Mine was another feeling; pure, calm, disinterested, and immaterial. It was repose of the heart, after having met with the long sought-for, and till then unfound, object of its restless adoration; the long-desired idol of that vague, unquiet adoration of supreme beauty which agitates the soul until the divinity has been discovered, and that our heart has clung to as a straw to the magnet, or mingled with as sighs with the surrounding air.

Strange to say, I felt no impatience to see her once more, to hear her voice, to be near her, or to converse freely with one who had become the sole object of my life and thoughts. I had seen her and she had become part of myself. Henceforward nothing could rob my soul of its possession; far or near, present or absent, I bore her with me; all else was indifferent. Perfect love is patient, because it is absolute, and knows itself to be eternal. No power could tear her from my heart. I felt that henceforward her image was completely mine; it was to me what light is to the eye that has once seen it, air to the lungs that have once inhaled it, or thought to the mind in which it has once been conceived. I defied Heaven itself to rob me of this divine embodying of my desires. I had seen her, and that was enough. For the contemplative, to see is to enjoy. It scarcely mattered to me whether she loved me, or whether she passed me by without perceiving me. I had been touched by her splendor, and was still enveloped in her rays; she could no more withdraw them from me than the sun can take from the earth the beams which he has shed upon it. I felt that darkness and night had fled forever from my heart, and that she would evermore shine there, as she then shone, though I lived for a thousand years.


This conviction gave to my love all the security of immutability, the calm of certainty, the overflowing ecstasy of joy that would never be impaired. I took no note of time, knowing that I had before me hours without end, and that each in succession would give me back her inward presence. I might be separated from her during a century without reducing by one day the eternity of my love. I went and came; sat down and got up again. I ran, then stopped and walked on without feeling the ground beneath my feet, like those phantoms which glide upon earth, upheld by their impalpable, ethereal nature. I extended my arms to grasp the air, the light, the lake; I would have clasped all Nature in one vast embrace in thankfulness that she had become incarnate, for me, in a being that united all her charms and splendor, power, and delights. I knelt on the stones and briers of the ruins without feeling them and on the brink of precipices without perceiving them. I uttered inarticulate words, which were lost in the sound of the noisy waters of the lake; I strove to pierce the vaults of heaven, and to carry my song of gratitude, and my ecstasy of joy, into the very presence of God. I was no longer a man, I was a living hymn of praise, prayer, adoration, worship of overflowing, speechless thankfulness. I felt an intoxication of the heart, a madness of the soul; my body had lost the consciousness of its materiality and I no longer believed in time, or space, or death. The new life of love which had gushed forth in my heart gave me the consciousness, the anticipated enjoyment, of the fulness of immortality.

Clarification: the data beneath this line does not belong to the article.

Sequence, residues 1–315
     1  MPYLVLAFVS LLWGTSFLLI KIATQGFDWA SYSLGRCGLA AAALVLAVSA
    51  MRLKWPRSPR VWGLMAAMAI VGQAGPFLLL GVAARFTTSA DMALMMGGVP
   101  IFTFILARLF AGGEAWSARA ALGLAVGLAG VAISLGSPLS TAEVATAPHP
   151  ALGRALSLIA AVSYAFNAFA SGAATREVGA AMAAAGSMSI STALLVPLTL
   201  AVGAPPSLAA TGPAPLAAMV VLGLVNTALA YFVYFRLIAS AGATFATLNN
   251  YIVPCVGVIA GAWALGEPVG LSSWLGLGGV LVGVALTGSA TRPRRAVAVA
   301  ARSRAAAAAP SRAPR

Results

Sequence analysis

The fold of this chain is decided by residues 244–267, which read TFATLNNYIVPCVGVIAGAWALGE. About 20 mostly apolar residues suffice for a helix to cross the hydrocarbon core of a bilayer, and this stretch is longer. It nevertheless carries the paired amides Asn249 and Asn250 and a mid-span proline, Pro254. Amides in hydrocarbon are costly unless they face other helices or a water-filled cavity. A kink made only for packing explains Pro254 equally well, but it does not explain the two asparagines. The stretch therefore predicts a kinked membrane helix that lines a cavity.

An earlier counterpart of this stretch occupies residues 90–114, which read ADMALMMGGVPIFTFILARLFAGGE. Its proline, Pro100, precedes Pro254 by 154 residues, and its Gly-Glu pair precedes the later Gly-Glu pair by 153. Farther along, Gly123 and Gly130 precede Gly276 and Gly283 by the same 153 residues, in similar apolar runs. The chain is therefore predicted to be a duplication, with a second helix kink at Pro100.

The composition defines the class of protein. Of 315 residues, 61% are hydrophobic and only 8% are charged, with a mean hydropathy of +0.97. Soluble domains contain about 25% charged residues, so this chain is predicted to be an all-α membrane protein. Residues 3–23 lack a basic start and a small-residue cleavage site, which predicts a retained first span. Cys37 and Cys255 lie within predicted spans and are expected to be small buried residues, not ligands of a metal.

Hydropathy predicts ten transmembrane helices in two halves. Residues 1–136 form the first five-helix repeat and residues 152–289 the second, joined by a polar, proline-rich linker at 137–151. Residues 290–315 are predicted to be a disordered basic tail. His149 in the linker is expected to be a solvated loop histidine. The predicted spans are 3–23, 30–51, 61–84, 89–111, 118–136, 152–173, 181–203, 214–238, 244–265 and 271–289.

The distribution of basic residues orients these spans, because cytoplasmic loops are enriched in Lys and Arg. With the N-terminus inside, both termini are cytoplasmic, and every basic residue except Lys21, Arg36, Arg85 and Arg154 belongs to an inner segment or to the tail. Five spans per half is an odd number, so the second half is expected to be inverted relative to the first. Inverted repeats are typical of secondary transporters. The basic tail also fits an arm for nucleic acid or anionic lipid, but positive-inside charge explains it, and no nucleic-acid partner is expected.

I was made aware of the flight of time by seeing the meridian sun striking on the summit of the Abbey walls. I came down the hill through the woods bounding from rock to rock, and from tree to tree. My heart beat as though it would burst. As I approached the little inn, I saw the stranger in a sloping meadow behind the house. She was seated at the foot of a sunny wall, against which the inhabitants of the place had piled a few stones. Her white dress shone out on the verdant meadow, and the shade of a haystack screened her face from the sun. She was reading in a little book that lay open on her lap, and every now and then interrupted her reading to play with the children from the mountain, who came to offer her flowers, or chestnuts. On seeing me, she attempted to rise as if to meet me half-way, and her gesture was quite sufficient to encourage me to approach. She received me with a blushing look and tremulous lip, which I perceived, and which increased my own bashfulness. The strangeness of our situation was so embarrassing, that we remained some time without finding a word to say to each other. At last, with a timid and scarcely intelligible gesture, she motioned to me to sit down on the hay, not far from her; it seemed to me that she has expected me, and had kept a place for me. I sat down respectfully at some distance. Our silence remained unbroken, and it was evident that we were both ineffectually seeking to exchange some of those commonplace phrases which may be called the base coin of conversation, and serve to conceal thoughts instead of revealing them. Fearing to say too much or too little, we gave no utterance to what was in our hearts; we remained mute, and our silence increased our embarrassment. At length, our downcast eyes were raised at the same moment and met; I saw such depth of sensibility in hers, and she read in mine so much suppressed rapture, truth, and deep feeling, that we could no longer take them off each other's face, and tears rising to our eyes, at the same instant, from both our hearts we each instinctively put up our hands as if to veil our thoughts.